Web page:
Salazar v. AT&T, Inc.
MEMORANDUM AND ORDER re Motion to Sever and Stay. Signed by Magistrate Judge Roy S. Payne on 8/20/2017. (nkl, )
IN THE UNITED STATES DISTRICT COURT
FOR THE EASTERN DISTRICT OF TEXAS
JOE ANDREW SALAZAR,
HTC CORPORATION et al.,
MEMORANDUM AND ORDER
In this patent case, the Court now considers HTC’s and AT&T’s Motion to Sever
and Stay Claims Against Newly-Added Defendant AT&T, Inc. [Dkt. # 55].1 Notice [Dkt. #
70].For the following reasons, the Court will GRANT the motion.
Joe Salazar sued HTC Corporation in October 2016 alleging infringement of U.S.
Patent 5,802,467. Compl. [Dkt. # 1]. The ’467 Patent is generally directed to a system for
sound and data transmission and reception. ’467 Patent . According to Salazar, HTC
infringes the ’467 Patent by selling mobile phones that embody the asserted claims. Id. ¶
9; see also First Am. Compl. [Dkt. # 17] ¶ 5.
Salazar is a California resident, and HTC Corporation is a Taiwanese corporation.
Second Am. Compl. [Dkt. # 44] ¶¶ 2, 3. Based partly on the parties’ lack of presence in this
AT&T partially joined HTC’s motion.
District, HTC moved to change venue to the Northern District of California. HTC’s Venue
Motion [Dkt. # 35].
On June 15, 2017—the last day to join parties without leave—Salazar amended his
complaint to add AT&T Inc. as a defendant. Second Am. Compl. [Dkt. # 44]. HTC then
promptly filed the present motion to sever and stay the claims against AT&T as misjoined
under 35 U.S.C. § 299. HTC’s Motion [Dkt. # 55].
Since then, however, Salazar has admitted AT&T is not the correct defendant. Salazar discovered his mistake after he found a declaration that AT&T Mobility sells the accused devices. Because of that further research, Salazar moved for leave to correct his
pleading by substituting AT&T Mobility for AT&T. Salazar’s Motion for Leave [Dkt. # 62].
Other than the addition of AT&T as a defendant, there isn’t much difference between
Salazar’s First and Second Amended Complaints. Salazar makes identical factual allegations against AT&T concerning infringement as he does against HTC, and there are no
specific allegations that support Salazar’s claim of willful infringement by AT&T. In fact,
the only allegations specifically directed to AT&T relate to Salazar’s assertion of venue.
See Second Am. Compl. [Dkt. # 44] ¶ 11.
As a final “background” matter, the Court’s schedule is important to resolution of
this motion. Some of the claim construction deadlines have already passed, and the deadline to complete claim construction discovery is August 22. Thus, says AT&T, if this case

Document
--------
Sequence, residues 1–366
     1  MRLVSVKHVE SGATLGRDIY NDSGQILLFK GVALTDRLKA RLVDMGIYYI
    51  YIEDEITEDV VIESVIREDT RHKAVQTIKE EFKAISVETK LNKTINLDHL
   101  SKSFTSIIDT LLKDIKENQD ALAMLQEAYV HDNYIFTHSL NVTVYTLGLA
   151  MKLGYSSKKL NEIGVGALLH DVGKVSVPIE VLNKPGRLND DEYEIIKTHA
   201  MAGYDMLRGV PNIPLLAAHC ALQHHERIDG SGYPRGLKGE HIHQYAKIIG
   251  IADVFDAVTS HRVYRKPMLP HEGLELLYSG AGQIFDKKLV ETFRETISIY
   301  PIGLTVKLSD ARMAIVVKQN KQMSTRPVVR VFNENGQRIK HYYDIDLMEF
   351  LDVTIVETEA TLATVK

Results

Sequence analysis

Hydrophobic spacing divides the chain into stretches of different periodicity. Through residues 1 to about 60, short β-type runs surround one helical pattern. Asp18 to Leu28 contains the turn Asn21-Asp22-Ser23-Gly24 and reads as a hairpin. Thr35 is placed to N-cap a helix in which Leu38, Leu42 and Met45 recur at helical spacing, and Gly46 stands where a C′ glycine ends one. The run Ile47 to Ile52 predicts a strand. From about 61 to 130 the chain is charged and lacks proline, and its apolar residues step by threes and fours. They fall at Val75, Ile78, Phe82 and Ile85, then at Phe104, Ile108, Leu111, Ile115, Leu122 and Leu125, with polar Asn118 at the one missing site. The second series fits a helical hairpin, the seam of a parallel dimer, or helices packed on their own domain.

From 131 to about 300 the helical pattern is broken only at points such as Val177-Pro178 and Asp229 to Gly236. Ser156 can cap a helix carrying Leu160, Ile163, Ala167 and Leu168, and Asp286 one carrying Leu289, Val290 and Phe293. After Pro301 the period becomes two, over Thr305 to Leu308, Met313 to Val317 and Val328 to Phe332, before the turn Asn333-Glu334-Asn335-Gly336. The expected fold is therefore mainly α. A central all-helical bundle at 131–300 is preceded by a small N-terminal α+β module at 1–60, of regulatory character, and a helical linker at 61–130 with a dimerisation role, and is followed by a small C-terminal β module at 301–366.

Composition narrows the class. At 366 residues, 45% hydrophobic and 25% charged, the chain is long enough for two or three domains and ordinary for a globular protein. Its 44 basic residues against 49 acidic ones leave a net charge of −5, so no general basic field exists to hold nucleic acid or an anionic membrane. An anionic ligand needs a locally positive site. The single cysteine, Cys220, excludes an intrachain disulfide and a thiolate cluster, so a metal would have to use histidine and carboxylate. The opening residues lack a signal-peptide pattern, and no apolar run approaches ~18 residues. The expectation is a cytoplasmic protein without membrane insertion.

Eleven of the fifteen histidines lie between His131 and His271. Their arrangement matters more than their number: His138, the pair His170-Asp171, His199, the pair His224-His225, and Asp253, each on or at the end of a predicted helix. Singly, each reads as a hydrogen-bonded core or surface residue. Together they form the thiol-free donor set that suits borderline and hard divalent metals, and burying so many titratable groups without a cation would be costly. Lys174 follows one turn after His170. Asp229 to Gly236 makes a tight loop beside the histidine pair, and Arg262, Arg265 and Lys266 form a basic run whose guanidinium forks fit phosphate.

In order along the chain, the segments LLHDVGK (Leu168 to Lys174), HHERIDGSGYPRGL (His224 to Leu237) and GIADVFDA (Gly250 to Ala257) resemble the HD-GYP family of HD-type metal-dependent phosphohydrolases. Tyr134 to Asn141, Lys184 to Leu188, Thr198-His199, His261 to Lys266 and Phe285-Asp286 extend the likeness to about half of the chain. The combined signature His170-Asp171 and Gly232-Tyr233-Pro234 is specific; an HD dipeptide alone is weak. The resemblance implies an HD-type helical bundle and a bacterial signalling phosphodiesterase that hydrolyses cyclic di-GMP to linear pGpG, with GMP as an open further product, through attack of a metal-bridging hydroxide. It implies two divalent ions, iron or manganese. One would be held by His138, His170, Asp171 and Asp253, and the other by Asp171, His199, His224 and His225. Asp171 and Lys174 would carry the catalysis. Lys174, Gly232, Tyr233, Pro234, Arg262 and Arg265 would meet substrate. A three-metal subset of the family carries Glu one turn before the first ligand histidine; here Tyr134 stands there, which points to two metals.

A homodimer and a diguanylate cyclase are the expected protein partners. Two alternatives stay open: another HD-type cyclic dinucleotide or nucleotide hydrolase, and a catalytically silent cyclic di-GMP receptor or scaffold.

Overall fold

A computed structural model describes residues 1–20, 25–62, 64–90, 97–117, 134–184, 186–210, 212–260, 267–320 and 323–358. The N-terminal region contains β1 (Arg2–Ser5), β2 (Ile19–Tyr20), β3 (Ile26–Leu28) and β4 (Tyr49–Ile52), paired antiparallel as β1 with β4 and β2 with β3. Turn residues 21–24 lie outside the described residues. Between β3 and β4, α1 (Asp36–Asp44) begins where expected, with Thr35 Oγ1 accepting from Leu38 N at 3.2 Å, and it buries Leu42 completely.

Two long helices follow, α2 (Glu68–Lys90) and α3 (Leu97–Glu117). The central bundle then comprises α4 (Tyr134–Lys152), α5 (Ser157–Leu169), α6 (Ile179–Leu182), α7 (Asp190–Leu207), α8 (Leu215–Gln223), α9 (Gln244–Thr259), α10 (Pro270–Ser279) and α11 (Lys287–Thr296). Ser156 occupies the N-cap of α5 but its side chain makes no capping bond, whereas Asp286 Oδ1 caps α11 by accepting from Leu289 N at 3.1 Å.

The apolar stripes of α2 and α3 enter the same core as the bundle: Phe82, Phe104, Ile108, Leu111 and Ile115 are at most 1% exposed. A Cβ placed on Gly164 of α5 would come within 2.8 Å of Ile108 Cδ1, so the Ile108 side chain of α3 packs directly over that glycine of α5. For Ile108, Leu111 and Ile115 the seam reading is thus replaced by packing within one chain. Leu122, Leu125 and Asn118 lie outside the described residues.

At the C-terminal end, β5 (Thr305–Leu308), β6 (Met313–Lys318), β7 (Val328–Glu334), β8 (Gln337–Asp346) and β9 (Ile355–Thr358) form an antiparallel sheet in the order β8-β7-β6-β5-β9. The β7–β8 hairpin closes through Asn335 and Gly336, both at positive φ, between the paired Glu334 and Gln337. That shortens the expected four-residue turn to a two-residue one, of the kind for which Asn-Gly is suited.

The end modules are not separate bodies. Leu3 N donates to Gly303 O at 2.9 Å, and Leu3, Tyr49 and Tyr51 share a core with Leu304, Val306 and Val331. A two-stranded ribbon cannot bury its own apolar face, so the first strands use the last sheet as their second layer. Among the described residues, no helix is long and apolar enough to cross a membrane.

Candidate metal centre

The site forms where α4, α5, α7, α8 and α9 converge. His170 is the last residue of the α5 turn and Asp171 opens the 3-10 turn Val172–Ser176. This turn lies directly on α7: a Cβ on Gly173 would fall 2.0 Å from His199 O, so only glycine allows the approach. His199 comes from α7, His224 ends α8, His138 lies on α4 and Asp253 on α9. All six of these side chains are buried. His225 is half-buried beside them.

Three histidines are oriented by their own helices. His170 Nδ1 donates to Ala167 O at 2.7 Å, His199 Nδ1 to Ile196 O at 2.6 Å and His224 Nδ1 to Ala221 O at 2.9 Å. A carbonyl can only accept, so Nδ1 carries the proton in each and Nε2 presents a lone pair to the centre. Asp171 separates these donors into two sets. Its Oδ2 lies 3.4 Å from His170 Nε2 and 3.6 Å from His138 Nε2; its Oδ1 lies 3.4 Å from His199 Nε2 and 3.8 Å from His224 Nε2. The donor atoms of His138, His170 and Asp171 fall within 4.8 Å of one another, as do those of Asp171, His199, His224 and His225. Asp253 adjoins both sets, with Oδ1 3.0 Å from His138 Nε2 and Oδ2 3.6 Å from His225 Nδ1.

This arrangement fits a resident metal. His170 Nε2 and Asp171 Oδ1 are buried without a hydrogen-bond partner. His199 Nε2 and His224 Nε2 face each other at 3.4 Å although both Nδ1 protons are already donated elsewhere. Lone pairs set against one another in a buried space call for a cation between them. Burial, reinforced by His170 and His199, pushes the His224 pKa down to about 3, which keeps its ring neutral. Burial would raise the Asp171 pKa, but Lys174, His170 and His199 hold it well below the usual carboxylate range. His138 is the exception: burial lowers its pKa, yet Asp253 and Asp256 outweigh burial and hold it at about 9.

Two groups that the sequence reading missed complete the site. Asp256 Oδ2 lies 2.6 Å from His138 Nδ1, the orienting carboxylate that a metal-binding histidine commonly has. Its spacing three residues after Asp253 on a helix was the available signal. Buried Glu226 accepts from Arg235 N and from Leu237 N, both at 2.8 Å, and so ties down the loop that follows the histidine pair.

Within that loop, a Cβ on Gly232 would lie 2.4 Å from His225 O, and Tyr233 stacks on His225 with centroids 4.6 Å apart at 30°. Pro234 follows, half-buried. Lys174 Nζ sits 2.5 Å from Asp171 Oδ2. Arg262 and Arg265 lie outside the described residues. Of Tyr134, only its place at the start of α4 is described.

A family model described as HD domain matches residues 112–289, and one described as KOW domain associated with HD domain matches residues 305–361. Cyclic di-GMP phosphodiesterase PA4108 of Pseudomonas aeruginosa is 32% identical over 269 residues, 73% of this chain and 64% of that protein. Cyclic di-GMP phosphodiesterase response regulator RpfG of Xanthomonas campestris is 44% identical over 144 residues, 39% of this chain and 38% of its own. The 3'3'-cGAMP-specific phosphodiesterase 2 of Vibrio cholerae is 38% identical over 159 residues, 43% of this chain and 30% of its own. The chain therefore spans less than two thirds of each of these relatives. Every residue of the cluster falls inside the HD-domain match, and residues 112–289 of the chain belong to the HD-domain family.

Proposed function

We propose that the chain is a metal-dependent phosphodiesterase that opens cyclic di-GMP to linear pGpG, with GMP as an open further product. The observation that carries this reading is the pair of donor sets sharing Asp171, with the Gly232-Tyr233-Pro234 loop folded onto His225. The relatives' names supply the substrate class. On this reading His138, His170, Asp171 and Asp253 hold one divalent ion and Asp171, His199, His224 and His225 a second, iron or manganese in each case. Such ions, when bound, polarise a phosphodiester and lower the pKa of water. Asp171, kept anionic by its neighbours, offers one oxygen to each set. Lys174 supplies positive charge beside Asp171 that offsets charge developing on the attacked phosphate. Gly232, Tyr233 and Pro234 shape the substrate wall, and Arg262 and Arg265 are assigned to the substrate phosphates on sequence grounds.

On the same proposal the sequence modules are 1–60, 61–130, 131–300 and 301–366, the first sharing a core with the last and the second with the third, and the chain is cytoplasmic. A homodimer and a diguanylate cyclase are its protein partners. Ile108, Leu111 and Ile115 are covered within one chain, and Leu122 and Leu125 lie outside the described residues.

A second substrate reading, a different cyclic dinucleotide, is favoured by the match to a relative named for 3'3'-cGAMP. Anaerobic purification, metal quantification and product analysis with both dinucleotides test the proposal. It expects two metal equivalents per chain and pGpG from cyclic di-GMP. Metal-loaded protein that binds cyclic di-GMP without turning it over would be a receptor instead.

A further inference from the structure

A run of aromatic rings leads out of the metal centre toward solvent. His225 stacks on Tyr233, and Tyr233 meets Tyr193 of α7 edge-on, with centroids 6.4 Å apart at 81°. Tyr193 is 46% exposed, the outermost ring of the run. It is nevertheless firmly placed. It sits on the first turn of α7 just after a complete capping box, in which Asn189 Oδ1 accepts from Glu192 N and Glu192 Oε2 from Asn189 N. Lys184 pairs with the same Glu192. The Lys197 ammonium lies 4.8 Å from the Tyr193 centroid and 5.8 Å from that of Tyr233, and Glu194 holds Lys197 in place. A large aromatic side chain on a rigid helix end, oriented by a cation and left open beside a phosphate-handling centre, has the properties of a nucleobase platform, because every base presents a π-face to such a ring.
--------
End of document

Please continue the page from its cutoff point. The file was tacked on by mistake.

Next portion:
goes forward on its current schedule, it will be deprived of the opportunity to meaningfully
participate in claim construction. AT&T’s Emergency Motion to Stay [Dkt. # 78].
Multiple accused infringers may be joined in one action only if
(1) any right to relief is asserted against the parties jointly, severally,
or in the alternative with respect to or arising out of the same transaction, occurrence, or series of transactions or occurrences relating to
the making, using, importing into the United States, offering for sale,
or selling of the same accused product or process; and
(2) questions of fact common to all defendants or counterclaim defendants will arise in the action.
35 U.S.C. § 299. These requirements alone, however, are not sufficient, and a court may
still refuse joinder to avoid prejudice and delay, ensure judicial economy, or safeguard
principles of fundamental fairness. In re Nintendo Co., 544 Fed. Appx. 934, 939 (Fed. Cir.
2013). In fact, courts have an obligation to look at these considerations. See id. at 942 (“the
district court had an obligation to exercise its discretion to decide whether the action against
the retailer defendants should have been severed . . . for purposes of fairness and convenience”).
HTC proffers three arguments in support of its motion. First, HTC contends that,
because AT&T is only a holding company, there are no transactions connecting HTC and
AT&T that satisfy 35 U.S.C. § 299. Second, principles of fairness and convenience require
the Court to stay Salazar’s claims against AT&T given that it has not had an opportunity to
participate in, among other things, claim construction. Third, AT&T argues Salazar’s
claims against it are merely secondary or peripheral to those against HTC, because AT&T
(or AT&T Mobility) is just a retailer. AT&T argues the only reason Salazar has asserted
claims against AT&T is to aid with resisting HTC’s motion to change venue.
Salazar generally makes two arguments in response. First, Salazar argues he has
moved to correct his Second Amended Complaint by naming AT&T Mobility. Second, he